Automating best pratice for security groups in Active Directory

In order to maintain best practices in a multi domain forest, we occasionally have to create file and application access groups to secure sensitive resources we manage. Creating a 3 groups to do this is a lot of hassle, but it needs to be done, however you don’t need to do it manually.

I created a script to take care of this day to day task for me. The script basically does 3 thing:

  1. It checks if a security group with that name already exists and if so it aborts.
  2. It creates 3 security groups: a “Domain Local” group for rights assignment, a “Global” group to put my users in, and a “Universal” group to link the Global and Domain Local groups, as well as to link groups from other domains in our forest.
  3. It asks the user what folder to add rights to and what rights to add (Read, Write and/or Modify) and then sets those rights on the appropriate folder.

The script uses Quest Active Roles AD Management snapin for Powershell (available here)

I’ve added logging using the transcript functionality, and if you check out line 19 and 114 you see that I’m starting and stopping logging to a specific file using the “Start-Transcript” and “Stop-Transcript” cmdlets. This means that the script will throw and error in ISE since it doesn’t support transcripting, but running it in a normal powershell windows will ensure that everything happing between line 15 to 113 get’s logged!

Without further ado, heres the script:

 

I still consider myself a novice at Powershell, however and advanced one at that, and I’d love to get feedback on better approaches to my scripting, both in the sense of optimizing the script for performance, and simplifying the script itself. I’d also be happy to answer any questions regarding the script 🙂

Updating KMS server settings

I encountered a weird problem with our Key Management Server (KMS) and client licensing recently. The client I’m working with has 3 domains whereas there is a full two way trust between two of them, and limited trust towards the third.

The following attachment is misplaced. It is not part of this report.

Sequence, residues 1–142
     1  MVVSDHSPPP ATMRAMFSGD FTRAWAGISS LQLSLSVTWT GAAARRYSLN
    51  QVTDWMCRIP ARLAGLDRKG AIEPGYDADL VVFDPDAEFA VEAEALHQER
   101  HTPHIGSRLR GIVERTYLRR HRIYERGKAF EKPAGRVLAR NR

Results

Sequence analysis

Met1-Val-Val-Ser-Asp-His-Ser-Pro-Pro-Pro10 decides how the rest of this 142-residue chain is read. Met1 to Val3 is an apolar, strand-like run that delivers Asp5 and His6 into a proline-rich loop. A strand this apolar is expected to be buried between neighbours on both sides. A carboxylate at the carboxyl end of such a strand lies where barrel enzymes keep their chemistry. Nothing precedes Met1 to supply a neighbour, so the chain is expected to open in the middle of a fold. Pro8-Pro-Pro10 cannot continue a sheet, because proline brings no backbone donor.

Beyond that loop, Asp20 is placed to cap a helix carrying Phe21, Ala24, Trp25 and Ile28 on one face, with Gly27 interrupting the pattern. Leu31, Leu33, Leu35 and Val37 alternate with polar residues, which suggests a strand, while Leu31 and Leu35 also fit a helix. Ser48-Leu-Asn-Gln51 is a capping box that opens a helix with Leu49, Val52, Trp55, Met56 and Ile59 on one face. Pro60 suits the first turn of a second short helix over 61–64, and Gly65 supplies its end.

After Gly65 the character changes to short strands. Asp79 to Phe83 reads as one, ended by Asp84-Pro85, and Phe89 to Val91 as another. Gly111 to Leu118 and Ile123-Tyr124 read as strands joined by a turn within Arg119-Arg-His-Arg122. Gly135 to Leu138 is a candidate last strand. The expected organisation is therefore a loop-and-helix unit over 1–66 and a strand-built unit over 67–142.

For some reason our Vista client (yes, Vista) we’re trying to update the license towards a KMS service on a domain controller in the third domain with limited trust. It also seems KMS has been deactivated on this server, but that wasn’t the challenge.

To update the KMS server address you need to run the Visual Basic (VB) script c:windowssystem32slmgr.vbs. You can add argument to view the current configuration (-dli), manually set the KMS server (-skms) or do an autodiscover of the KMS server address (-ato).

In this case I ran the following command to see the current config:

I saw that the KMS server was not the one I expected for clients in this domain, so I ran this command to do an auto discover:

This generated an error:
Error code and message: 0xC004F039 The computer could not be activated. The Key Management Service could not be reached.

The cause for this error in our case was that the Vista client tried to update the license towards the last server it updated against. There is no error handling routine in slmgr.vbs that tells the client to do an auto discover of possible KMS servers elsewhere if it fails towards the server it last updated against.

To resolve this I had to clear the name of the KMS server the client already knew in order to force it to discover the actual KMS server on the intranet. I ran the following command to clear the name and run the auto discover:

 

NB. If this had failed, there would have been one last solution. You can update the name of the KMS server manually, thus bypassing the entire auto discovery and eliminating that as an error source. This requires you to know the name and port (usually port 1688) of the KMS server, and is done with the “-skms” switch like this: